Depending on whether your staff would prefer a half day pro-d or a full day pro-d arrange presenters. To avoid overwhelming your audience I think it’s best to stick to two presentations for a morning session, and three for an all day session with more opportunities to discuss and play around with new tools as a team.
While the teaching/learning is taking place make sure to capture the moment with both pictures and short video clips to represent the various stages of the process.
The “meat” of the pro-d will of course be the teacher-led lessons, but there are a few other key components that I believe will help to better engage the learners, as well as help foster and build a sense of community.
During the lessons make sure to structure opportunities for partnered conversations, and group sharing. Many of us do this in our classrooms, but it is important to keep in mind good teaching practices are always good practices regardless of the age of the learner. ‘Talk is an important means by which we communicate and build social relationships, and it plays a crucial role in learning’ (Primary National Strategy, 2003). Talking provides an opportunity to forge new relationships, while also helping verbal learners solidify new information.
Schedule in brain breaks! Opportunities to do activities that may be seemingly unrelated to the pro-d, however these activities should tackle some of the relationship and community building goals that maybe aren’t explicitly addressed. “Our brains are designed to learn short bursts of information followed by time to process the information. We need time for memory formation and for ‘settling.’ Evidence suggests that time spent not learning new content is very important.” (Jensen, 2003)
Walk and talk – After the first lesson and some playing around with the new technology provide the group with a scheduled relaxing activity, like a walk and talk. This brain break will do two things, 1.) give staff a chance to connect on a personal level, whether they’re talking about the morning lesson, or their personal lives they are talking, and connecting and building that support network! Chances are, they will be connecting about the morning and what a great way to solidify learning than talking about it with a partner!
Coffee Break – Provide coffee, tea and a few snacks in a specific location (could be another classroom, or the room you are working in). By having organized treats you will keep your group together during the break therefore providing an opportunity to connect and discuss unstructured.
Partner Challenges – Divide the group into partners or teams and play a silly game for prizes similar to something you would do in your classroom; trivia questions, a mind puzzle, or even indoor obstacle/relay course races could be fun. I like to steal bits from games like Scattergories, Slang Teasers, or Cranium (hum that tune, act like a star). Any activity that can be done in 15-20 minutes and that gets the group interacting, working together and laughing will work. Brain break suggestions? Leave them below!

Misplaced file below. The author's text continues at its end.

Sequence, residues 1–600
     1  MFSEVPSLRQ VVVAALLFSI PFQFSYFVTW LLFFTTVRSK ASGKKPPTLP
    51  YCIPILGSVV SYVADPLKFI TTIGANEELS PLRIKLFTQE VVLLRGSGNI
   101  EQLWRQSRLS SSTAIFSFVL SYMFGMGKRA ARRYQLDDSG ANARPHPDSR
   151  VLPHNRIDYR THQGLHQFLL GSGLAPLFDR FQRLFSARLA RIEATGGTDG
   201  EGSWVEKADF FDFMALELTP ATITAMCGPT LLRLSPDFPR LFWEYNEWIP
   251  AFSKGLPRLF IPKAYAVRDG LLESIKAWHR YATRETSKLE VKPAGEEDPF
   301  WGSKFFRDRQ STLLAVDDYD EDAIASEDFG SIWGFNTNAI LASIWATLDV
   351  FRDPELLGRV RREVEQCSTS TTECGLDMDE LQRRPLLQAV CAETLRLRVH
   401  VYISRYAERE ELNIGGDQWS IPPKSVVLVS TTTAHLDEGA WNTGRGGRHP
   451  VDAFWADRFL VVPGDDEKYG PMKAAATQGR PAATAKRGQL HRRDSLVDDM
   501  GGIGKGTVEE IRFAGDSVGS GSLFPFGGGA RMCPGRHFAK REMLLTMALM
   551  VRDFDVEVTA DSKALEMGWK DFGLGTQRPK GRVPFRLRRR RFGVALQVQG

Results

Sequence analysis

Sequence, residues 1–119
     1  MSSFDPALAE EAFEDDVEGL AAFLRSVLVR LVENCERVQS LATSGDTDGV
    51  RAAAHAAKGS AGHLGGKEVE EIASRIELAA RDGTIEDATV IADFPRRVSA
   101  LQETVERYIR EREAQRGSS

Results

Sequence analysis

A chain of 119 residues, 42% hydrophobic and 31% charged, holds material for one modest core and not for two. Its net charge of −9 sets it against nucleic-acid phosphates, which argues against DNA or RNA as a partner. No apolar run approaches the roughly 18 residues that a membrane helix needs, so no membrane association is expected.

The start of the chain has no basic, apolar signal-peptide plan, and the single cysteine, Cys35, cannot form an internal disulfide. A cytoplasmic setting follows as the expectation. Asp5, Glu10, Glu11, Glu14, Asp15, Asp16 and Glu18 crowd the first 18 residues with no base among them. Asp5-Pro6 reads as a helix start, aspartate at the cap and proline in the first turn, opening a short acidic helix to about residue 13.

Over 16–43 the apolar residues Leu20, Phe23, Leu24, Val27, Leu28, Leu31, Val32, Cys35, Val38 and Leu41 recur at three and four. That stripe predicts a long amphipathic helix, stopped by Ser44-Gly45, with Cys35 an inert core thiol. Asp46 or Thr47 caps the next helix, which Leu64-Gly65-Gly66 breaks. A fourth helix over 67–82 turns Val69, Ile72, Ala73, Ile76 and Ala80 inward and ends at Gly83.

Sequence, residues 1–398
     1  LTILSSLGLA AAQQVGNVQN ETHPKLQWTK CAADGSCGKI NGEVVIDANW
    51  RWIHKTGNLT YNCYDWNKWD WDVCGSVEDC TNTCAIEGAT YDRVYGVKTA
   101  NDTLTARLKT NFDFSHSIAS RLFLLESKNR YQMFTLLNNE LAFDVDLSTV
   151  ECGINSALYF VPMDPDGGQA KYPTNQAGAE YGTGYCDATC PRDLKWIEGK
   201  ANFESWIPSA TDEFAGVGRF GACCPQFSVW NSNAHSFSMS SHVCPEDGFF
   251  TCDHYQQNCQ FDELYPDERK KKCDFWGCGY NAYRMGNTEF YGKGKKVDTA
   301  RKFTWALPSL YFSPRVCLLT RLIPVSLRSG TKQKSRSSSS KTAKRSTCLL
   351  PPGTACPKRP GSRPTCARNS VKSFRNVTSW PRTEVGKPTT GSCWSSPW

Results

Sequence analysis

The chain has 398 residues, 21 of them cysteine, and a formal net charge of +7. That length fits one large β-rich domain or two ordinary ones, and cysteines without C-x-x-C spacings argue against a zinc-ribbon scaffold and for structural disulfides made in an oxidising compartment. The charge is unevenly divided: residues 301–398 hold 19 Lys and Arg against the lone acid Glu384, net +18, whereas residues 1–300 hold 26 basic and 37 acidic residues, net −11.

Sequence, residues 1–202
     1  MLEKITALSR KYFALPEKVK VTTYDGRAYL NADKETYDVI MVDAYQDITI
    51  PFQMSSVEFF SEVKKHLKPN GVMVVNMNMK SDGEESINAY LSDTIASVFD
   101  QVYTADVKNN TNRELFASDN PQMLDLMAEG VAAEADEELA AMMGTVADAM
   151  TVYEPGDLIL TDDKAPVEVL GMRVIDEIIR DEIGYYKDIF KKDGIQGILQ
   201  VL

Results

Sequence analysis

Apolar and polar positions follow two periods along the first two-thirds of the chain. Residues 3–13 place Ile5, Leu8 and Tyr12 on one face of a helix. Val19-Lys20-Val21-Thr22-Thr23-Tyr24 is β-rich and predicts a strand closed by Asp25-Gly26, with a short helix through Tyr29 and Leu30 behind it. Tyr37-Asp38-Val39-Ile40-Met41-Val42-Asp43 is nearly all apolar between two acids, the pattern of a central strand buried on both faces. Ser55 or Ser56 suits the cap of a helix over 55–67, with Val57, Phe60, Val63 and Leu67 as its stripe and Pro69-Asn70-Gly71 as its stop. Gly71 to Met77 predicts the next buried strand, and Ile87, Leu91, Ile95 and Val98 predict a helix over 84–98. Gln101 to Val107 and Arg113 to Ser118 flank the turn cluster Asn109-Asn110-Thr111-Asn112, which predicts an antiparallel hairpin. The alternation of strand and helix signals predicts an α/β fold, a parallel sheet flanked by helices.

At the end of every pro-d ask the group to reflect upon the day and the content. Reflections can be written, or captured conversation in the form of a video diary (hey – more footage for your summary!), or voice memos. The way you decide to organize the reflection is up to you, however I feel that the reflection process is something that should be documented in hard copy so that our learning and experiences can be called upon at any time during the process, while also providing a concrete version of our journey of learning. “… reflecting on work enhances its meaning. Reflecting on experiences encourages insight and complex learning. We foster our own growth when we control our learning, so some reflection is best done alone. Reflection is also enhanced, however, when we ponder our learning with others.” (Costa & Bena, 2008)
After the individual reflections I would encourage a group conversation where those who are comfortable can share their thoughts on the day’s events, and the group could discuss where they might like to go next time. The reflection wrap-up may also be a good place to offer methods for the group to connect in-between now and the next session: blog, white board talk, email. As well as to remind everyone that resources from today’s lesson as well as a recap will be posted on the blog for easy access to all.
At the end of each session it is important to have your own reflection: How did it go? What will you try differently next time? Were there any leads for next month’s Shop Talk? What problems arose, can you troubleshoot to avoid similar issues next time?
Review the pictures and videos and reflections (written, verbal, or video) and create short thirty-sixty second video summary of the day. If your school does morning announcements over the television like we do at our school, I would encourage you to post your clip for the whole school to see. I think it is important that the students know their teachers are lifelong learners and they get a chance to see what we did with our pro-d day. By sharing the video there is also a certain amount of accountability that the group takes on to continue as leaders and learners, and perhaps even some accountability or pressure put on the staff who didn’t attend to come and be a part of something great with your colleagues for the next pro-d. Heck, a little peer pressure never hurt anyone! (Joking!) However, in some cases peer pressure can push us to strive to be better and if we are putting that pressure for positive changes out there perhaps it will create a change in the right direction.